116 See WHO, Coronavirus dashboard, as of 24 May 2021
117 See IOM, Internal Displacement in Yemen Exceeds 100,000 in 2020 with COVID-19 an Emerging New Cause 118 See ICRC, What Happened? How the Humanitarian Response to COVID-19 Failed to Protect Women and Girls
119 See UNFPA et al., Daring to Ask, Listen, and Act: A Snapshot of the Impacts of COVID-19 on Women and Girls’ rights and sexual and reproductive health
120 See Oxfam, A New Scourge to Afghan Women: COVID-19 121 See UNICEF, COVID-19: A threat to progress against child marriage
Since the first case of COVID-19 was recorded in December 2019, more than 165 million116 people worldwide have been confirmed to have contracted the virus. The ongoing pandemic has impacted nearly every country, disrupting lives and perturbing health, political and economic systems across the world. People who have been forcibly displaced or who are stateless have been among the hardest-hit groups of society, facing increased food and economic insecurity as well as challenges to access health and protection services.
Emerging evidence indicates that, in addition to precluding the possibility to flee, in some cases, COVID-19 may also have been a factor in triggering new movement of people in 2020. For instance, displaced people in Yemen have started to report the pandemic as a reason for displacement.117 At least 10,000 people surveyed between the end of March and mid-July 2020 reported the impact of COVID-19 on services and economy and/or fears of contracting the virus as a reason for moving from virus hotspots to less affected areas in Yemen.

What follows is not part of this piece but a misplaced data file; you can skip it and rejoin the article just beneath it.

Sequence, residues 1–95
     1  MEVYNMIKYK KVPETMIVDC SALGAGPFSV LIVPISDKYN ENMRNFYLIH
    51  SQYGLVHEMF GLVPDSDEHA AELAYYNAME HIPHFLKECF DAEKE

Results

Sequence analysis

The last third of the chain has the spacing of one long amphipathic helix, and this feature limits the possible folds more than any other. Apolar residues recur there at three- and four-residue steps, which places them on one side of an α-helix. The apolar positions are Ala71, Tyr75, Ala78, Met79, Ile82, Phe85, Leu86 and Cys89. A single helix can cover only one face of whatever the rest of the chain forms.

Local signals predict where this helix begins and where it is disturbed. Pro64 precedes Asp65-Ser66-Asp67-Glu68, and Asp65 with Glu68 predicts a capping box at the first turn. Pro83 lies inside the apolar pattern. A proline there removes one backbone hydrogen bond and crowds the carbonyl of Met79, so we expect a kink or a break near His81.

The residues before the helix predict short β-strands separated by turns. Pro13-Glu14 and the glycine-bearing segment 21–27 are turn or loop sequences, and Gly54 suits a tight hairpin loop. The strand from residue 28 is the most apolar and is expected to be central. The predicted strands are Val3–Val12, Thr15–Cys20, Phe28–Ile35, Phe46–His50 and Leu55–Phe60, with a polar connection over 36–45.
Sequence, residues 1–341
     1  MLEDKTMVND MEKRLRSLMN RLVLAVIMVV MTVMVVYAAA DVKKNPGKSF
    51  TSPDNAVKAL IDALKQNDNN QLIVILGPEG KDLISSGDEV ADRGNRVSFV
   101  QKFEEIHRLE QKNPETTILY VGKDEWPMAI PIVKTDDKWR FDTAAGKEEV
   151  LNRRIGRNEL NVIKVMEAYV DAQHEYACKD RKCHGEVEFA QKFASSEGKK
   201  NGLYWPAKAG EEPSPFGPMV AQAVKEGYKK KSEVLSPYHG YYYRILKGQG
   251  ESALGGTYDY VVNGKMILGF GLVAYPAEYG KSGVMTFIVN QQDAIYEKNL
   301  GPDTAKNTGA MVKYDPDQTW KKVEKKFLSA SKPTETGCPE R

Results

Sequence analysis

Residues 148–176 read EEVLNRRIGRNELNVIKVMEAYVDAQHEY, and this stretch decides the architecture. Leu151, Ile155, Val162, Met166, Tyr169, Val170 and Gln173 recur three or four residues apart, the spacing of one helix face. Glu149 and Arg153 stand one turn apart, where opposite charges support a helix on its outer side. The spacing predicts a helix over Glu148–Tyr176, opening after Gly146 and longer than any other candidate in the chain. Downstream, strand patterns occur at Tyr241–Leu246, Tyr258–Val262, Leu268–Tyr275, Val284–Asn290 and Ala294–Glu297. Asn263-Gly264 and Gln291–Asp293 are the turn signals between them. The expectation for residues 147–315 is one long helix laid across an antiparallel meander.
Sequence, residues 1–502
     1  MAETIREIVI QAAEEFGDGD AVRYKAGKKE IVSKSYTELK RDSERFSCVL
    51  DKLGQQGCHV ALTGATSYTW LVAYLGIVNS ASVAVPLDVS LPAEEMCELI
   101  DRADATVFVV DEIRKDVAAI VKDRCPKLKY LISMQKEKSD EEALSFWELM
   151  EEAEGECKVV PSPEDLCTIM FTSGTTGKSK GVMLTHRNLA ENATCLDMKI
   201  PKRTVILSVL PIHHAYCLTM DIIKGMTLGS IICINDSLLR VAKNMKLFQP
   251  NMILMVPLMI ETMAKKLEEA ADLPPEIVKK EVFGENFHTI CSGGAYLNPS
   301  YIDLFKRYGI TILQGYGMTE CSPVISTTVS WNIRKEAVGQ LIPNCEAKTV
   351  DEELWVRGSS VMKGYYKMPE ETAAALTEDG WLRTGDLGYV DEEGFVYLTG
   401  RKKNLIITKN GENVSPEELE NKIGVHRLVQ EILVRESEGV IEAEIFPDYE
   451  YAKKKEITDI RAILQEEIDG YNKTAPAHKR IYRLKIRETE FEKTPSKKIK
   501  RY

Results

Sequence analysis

Although all forcibly displaced and stateless people have in some way been affected by COVID-19, their experiences vary based on age, gender and diversity characteristics. In many countries, forcibly displaced women and girls have been particularly impacted, with the available data pointing to more incidents of gender-based violence (GBV) and sexual exploitation.
Limited access to information and support services during the pandemic have intensified these risks.
According to an assessment conducted in East Africa, West Africa, and the Great Lakes region, 73 per cent of forcibly displaced women interviewed reported increased cases of intimate partner violence.118 This trend is evident in other regions too, with women in Jordan (69 per cent)119 and Afghanistan (97 per cent)120 also reporting increased GBV since the start of the pandemic. Child, early and forced marriage is another concern as evidence demonstrates heightened risks for forcibly displaced adolescent girls. UNICEF estimates that, over the next decade, ten million additional child marriages may occur as a result of the pandemic.121
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YEMEN. Internally displaced Yemenis receive assistance during the COVID-19 pandemic in Hudaydah. Named by the UN as the world’s worst humanitarian crisis, Yemen has more than 24 million people in urgent need of aid. Yemen is also experiencing the world’s largest food security emergency, with more than 23 million people lacking sufficient nutrition.